Coma Cinema – Satan Made A Mansion (Review)

Okay so holo pleasures (Elvis Depressedly) dropped yesterday. I was/still am/will always be super stoked on it and all the cassette’s and 1/5th of the vinyl sold out on that day so that’s pretty cool. You can read Mat’s post about the making record etc here, which I suggest you do because it’s lovely. Anyway Mat’s other project Coma Cinema also has a record coming out in June so The 405 asked me to write about  a track from that.

I don’t think I’ve worked outside the realm of the same 3 hashtags for the past week but whatever.

Listen and love.

Originating from South Carolina – a state perhaps best associated with electronic/chilwave acts Toro Y Moi and Washed Out – Mat Cothran has been a constant source of musical output since the age of 15, restlessly releasing things under the monikers Coma Cinema, Elvis Depressedly and Gremlins to name a few. The sheer volume of material this dude churns out speaks for itself; this is something that comes naturally to Cothran – his music isn”t what he does, it’s what he is, and as a result everything he produces feels totally honest and engagingly effortless.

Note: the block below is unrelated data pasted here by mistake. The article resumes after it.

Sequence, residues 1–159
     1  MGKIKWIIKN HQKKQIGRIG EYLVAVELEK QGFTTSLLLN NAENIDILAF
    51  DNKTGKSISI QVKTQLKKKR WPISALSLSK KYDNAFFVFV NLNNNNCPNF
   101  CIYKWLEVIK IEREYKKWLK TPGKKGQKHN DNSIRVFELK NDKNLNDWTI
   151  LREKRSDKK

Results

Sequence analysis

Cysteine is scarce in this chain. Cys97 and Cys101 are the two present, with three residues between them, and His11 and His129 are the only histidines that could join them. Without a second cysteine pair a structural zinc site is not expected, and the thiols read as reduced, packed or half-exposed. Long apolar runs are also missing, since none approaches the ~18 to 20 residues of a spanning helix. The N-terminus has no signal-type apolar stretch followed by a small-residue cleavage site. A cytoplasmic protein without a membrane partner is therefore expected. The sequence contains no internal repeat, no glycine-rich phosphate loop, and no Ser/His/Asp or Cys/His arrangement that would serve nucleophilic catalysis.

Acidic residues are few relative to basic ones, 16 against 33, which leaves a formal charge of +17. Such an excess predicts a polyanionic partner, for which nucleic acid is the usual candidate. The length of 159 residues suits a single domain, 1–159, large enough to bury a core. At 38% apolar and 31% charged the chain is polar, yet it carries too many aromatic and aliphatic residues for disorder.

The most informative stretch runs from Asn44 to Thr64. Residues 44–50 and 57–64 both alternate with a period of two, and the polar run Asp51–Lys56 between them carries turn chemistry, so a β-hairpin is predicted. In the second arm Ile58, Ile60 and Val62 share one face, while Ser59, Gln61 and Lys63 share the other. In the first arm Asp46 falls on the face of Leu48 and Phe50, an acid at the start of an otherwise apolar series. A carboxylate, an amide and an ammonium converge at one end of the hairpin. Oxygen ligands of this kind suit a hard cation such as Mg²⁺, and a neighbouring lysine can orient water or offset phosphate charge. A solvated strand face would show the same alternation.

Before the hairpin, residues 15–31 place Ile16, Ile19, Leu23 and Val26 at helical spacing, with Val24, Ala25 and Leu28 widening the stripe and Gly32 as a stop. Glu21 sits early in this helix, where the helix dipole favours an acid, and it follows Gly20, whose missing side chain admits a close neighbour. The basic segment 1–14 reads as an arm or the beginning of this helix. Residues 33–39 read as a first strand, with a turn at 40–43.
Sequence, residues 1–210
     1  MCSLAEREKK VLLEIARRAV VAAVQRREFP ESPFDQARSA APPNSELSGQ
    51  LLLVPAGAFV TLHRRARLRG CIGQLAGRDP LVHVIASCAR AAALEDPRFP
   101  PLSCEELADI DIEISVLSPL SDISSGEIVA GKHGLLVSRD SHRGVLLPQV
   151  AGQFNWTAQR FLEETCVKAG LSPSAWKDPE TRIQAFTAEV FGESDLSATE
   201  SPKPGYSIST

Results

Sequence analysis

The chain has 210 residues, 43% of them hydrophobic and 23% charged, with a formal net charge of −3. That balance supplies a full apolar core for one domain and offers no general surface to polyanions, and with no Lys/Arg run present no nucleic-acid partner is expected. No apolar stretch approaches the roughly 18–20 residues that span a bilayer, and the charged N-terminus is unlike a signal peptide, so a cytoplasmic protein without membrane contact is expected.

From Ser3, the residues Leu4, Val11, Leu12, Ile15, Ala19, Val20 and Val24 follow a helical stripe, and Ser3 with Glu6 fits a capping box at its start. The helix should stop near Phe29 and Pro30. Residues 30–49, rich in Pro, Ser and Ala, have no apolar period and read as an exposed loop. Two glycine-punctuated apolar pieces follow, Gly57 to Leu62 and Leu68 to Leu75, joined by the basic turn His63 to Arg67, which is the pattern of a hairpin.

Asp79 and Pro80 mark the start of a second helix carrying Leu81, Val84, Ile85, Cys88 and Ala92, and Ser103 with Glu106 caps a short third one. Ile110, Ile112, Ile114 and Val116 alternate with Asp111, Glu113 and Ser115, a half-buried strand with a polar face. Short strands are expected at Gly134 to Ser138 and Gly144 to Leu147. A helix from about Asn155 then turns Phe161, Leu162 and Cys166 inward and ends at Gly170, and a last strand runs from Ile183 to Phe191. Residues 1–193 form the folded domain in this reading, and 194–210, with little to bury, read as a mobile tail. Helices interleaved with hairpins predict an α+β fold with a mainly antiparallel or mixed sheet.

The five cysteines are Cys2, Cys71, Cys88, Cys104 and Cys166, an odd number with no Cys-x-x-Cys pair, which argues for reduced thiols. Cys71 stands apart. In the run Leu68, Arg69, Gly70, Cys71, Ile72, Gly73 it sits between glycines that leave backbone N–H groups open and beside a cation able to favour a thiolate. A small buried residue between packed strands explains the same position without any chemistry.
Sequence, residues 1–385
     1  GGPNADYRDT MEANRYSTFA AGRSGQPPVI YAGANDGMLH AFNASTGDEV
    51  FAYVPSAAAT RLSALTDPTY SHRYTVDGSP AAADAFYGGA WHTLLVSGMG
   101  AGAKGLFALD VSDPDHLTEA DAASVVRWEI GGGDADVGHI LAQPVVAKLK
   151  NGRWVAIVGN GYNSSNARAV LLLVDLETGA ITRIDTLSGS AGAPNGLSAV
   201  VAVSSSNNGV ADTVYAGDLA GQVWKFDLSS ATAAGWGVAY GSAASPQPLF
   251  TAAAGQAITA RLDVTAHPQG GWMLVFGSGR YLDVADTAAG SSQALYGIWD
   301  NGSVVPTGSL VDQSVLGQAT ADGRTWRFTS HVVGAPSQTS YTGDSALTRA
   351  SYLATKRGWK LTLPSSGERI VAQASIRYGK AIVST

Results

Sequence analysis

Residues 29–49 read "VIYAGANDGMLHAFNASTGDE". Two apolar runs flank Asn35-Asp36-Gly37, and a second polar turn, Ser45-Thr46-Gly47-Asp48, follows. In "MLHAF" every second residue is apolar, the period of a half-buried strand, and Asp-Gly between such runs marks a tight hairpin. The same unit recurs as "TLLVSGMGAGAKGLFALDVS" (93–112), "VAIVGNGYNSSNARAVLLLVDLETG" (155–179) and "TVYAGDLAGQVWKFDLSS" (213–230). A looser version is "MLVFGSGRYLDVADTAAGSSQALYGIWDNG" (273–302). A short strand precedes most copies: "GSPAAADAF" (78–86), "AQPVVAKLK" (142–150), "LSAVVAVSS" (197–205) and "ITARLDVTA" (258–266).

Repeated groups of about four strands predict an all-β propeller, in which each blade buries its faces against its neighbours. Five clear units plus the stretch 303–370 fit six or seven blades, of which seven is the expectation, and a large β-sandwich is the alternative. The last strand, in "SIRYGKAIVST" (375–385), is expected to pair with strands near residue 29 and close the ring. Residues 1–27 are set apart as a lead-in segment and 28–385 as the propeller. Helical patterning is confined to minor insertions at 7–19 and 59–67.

Coma Cinema isn’t miles away from Toro Y Moi’s earlier work. They share a similar sense of warm intoxication, but Cothran’s work is firmly stamped with his own hyper-personalised tone. He has a unique way of beautifully expressing the bummed-out and bored stiff, made even more attractive by his penchant to record onto things invented in the 90s.

‘Satan Made A Mansion’, taken from Coma Cinema’s forthcoming full-length Posthumous Release (due out on June 11th via Fork and Spoon on CD/vinyl AND Orchidtapes on cassette) is relatively hi-fi in comparison to his previous work, but still retains that organic feel. The track is a haunting and irresistible cocktail of love, death, boredom and pleasure, communicated with two succinct verses in just over two minutes.

Revolving around the tortured image “Satan made a mansion/ for love to live when it dies,” Cothran draws on a mixture of sadness and beauty that feels almost nostalgic. It’s giving in and giving up. It’s waking up in the middle of the afternoon and soaking in the world before swiftly drawing the curtains.

Originally published on The 405 here.

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